GA: One takeaway is that it would’ve worked if they had been allowed to implement it and not been kicked out of office so quickly. Regarding your earlier points about transfer payments, do you think those should be reduced even when you have greater revenues under lower income taxes and more production? Should the government have a balanced budget to maintain confidence in the currency, in paying off a nation’s debts? How important are balanced budgets to tax policy or are they just of secondary concern?

AL: I think they’re of secondary concern, to be honest. What you really want to do is have the optimal tax structure you can, a low rate, a broad-based, flat tax. What you want to do is have the government do what it does really well (and it does do a lot of stuff really well). And what you want is the optimally sized government so that the damage done by the last dollar of taxes collected is less than the benefit done by the last dollar of money spent. That’s the proper size of government. That’s where it should be. Any government larger than that is too big. Any government smaller than that is too small. But three things in government are critical. Number one is how you collect your taxes. Number two is how much you collect and spend, the total volume, and how you spend the money.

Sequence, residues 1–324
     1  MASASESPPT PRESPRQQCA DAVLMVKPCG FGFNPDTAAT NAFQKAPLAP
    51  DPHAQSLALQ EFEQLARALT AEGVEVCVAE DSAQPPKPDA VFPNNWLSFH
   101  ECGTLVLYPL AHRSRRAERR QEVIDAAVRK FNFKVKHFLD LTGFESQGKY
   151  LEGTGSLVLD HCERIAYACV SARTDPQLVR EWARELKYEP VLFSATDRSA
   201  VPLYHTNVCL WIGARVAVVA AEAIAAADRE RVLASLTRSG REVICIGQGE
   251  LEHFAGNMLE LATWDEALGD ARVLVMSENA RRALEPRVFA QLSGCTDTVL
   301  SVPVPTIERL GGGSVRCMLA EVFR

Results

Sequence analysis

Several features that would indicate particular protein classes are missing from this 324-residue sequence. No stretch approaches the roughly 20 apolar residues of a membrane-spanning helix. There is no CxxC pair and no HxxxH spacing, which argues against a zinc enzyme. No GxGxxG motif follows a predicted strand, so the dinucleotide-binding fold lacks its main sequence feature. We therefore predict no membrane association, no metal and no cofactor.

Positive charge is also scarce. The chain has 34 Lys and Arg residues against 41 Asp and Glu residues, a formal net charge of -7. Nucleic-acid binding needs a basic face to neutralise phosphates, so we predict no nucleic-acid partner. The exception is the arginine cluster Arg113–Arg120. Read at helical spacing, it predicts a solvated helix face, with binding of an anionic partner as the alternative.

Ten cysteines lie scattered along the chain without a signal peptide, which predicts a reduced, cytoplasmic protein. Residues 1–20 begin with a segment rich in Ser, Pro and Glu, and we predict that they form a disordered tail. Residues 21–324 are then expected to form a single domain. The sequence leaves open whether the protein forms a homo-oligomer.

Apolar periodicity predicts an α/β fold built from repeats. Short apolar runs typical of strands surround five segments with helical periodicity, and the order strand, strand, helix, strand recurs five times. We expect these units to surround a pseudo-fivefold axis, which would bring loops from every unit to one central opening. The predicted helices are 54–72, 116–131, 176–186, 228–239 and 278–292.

And if you collect your taxes by taxing the productive people and if you spend the money by paying the unproductive people, you’re going to get a really lousy economy. 

KH: How do you unwind it? Where do we go from here?

AL: Just change it. The faster it’s done, the better it’s done. Now you’re going to ask me a political question and I’m going to tell you, and, forgive me, it’s just economics, you elect Trump. He did medical transparency. He did the Tax Cuts and Jobs Act. He deregulated a lot of the economy. He did Warp Speed. I could go on and on. In economics I have never seen a president in such a short period of time do so much good in my life. Now, I am separating that from all the other stuff and all the noise. And you can hate him or you can like him.  But, when you have a brain surgeon operating on your loved one, you don’t really care to like the guy. You want him or her to be the best surgeon in the world irrespective of color, age, gender, and Trump is like that.